chillin'In a nutshell, the lesson from old men is this, if you’ve got a partner you love, a bedroom, and a kitchen with room for a sofa then you don’t really need most of the extra stuff in life.

A Harvard study has been following 268 men, who were students there in 1938, until now (they’re in their nineties). The most import finding according to the study’s director, “…points to a straightforward five-word conclusion: Happiness is love. Full stop.”

It’s the longest-running human development study ever looking for what contributes most strongly to us flourishing. The study tracked psychological, anthropological and physical traits, as well as family relationships.

George Vallant, the study’s director for the last 30 years released a book in 2012 called “Triumphs of Experience.”

It sounds like our lives evolve as we age and are often more satisfying in our later years.

Here’re some of the study’s findings:

– Men doing well in old age didn’t necessarily do as well in midlife, and vice versa.

– The memories of a happy childhood are a source of strength in our later years. But recovery from a bad childhood is also possible.

– Marriages bring much more contentment after age 70.

– The men’s physical aging after 80 is determined less by heredity than by habits formed prior to age 50. Growing old with grace and vitality, can be attributed more to yourself than your genetic makeup.

– Cigarette smoking and alcoholism was the greatest cause of morbidity and death.

– Alcoholism was  strongly coupled with neurosis and depression, which most often followed alcohol abuse, rather than preceding  it. Alcoholism had great destructive power, being by far the greatest disruptor of health and happiness and the single strongest cause of divorce.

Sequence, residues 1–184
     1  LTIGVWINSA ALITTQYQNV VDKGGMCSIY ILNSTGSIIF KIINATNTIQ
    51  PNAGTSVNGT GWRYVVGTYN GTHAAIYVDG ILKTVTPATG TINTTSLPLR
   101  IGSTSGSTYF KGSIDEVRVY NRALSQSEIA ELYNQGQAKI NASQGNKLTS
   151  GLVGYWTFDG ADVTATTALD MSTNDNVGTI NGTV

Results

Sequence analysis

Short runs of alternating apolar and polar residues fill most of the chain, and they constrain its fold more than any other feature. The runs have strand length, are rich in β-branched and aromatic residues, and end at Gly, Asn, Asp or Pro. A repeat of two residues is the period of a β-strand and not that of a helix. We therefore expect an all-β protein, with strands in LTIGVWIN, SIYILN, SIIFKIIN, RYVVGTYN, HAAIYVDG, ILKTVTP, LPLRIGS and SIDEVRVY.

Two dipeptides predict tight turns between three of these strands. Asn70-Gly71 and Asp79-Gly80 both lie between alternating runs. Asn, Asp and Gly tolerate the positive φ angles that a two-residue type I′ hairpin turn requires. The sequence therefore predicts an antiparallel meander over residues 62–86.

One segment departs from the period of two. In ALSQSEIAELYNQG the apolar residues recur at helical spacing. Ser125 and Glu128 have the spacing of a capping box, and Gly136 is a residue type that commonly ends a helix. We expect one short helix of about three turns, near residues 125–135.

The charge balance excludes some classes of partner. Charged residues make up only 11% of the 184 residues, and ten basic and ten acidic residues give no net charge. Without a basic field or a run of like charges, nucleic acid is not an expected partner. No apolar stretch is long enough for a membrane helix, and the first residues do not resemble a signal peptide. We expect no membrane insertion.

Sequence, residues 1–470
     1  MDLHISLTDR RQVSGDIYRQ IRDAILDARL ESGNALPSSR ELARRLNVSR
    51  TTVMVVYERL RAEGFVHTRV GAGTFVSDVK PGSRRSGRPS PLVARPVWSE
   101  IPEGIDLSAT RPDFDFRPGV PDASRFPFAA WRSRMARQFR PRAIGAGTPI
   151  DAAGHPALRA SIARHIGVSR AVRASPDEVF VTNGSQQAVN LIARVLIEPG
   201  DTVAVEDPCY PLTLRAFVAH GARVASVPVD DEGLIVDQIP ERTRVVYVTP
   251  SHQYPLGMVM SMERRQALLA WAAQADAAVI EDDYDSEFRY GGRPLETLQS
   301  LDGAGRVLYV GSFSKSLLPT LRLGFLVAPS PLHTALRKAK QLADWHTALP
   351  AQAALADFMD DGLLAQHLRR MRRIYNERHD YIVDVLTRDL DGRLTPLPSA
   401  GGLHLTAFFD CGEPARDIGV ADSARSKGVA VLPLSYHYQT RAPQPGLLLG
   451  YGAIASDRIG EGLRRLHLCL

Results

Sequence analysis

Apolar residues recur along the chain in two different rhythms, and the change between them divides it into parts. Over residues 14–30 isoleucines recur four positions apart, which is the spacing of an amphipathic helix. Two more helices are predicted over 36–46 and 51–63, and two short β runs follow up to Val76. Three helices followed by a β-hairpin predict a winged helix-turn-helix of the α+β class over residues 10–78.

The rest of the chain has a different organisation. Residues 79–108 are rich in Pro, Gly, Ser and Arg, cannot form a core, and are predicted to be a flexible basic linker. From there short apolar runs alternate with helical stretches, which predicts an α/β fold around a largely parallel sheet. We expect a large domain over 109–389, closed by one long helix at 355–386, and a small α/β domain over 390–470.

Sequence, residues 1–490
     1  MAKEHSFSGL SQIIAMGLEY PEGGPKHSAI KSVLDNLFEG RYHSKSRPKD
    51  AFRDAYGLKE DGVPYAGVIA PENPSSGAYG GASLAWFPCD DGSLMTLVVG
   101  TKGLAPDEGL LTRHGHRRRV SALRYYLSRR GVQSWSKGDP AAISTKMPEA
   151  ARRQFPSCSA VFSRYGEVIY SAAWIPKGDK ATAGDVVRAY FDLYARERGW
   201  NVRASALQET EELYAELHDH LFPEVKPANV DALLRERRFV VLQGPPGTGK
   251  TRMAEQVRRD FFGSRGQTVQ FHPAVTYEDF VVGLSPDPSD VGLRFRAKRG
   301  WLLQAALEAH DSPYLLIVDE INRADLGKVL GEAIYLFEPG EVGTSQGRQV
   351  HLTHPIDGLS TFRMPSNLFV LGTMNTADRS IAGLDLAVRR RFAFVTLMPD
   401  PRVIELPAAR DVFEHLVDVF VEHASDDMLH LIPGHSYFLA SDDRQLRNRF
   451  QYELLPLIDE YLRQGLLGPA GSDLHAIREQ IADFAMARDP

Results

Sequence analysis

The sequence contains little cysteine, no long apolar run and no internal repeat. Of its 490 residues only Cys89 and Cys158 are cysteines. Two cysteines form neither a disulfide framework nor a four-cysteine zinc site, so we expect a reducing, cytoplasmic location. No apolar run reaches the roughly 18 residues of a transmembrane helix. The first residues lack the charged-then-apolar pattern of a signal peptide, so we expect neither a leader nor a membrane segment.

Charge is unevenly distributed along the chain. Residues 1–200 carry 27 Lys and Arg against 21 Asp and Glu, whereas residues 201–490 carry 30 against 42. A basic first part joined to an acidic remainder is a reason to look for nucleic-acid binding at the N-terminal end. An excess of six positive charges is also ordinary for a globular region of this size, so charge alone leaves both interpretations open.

– There’s a strong correlation between the warmth of relationships and the men’s health and happiness in later years.

– Political ideology had no bearing on overall life satisfaction. But the most conservative men on average shut down their sex lives around age 68, while the most liberal men had healthy sex lives well into their 80s.

– There was no noticeable difference in maximum income earned by men with lower or higher IQs (at Harvard).

– The men scoring the highest on the measurements of “warm relationships” earned more during their peak salaries years than the men who scored the lowest. Men who had ‘warm’ childhood relationships with their mothers made more per year than the men with uncaring mothers.

– Warm childhood relationships with fathers correlated with lower rates of adult anxiety and increased ‘life satisfaction’ at age 75, while warm childhood relationships with mothers had no significant bearing on life satisfaction at 75.

Those are some of the study’s findings I thought were interesting. Check it out.

High tide

Seiko Military CustomI don’t  have a dog in the fight over legalizing pot, but it’s an important, tragic story. As usual, government policy is lagging behind public opinion on this issue, way behind.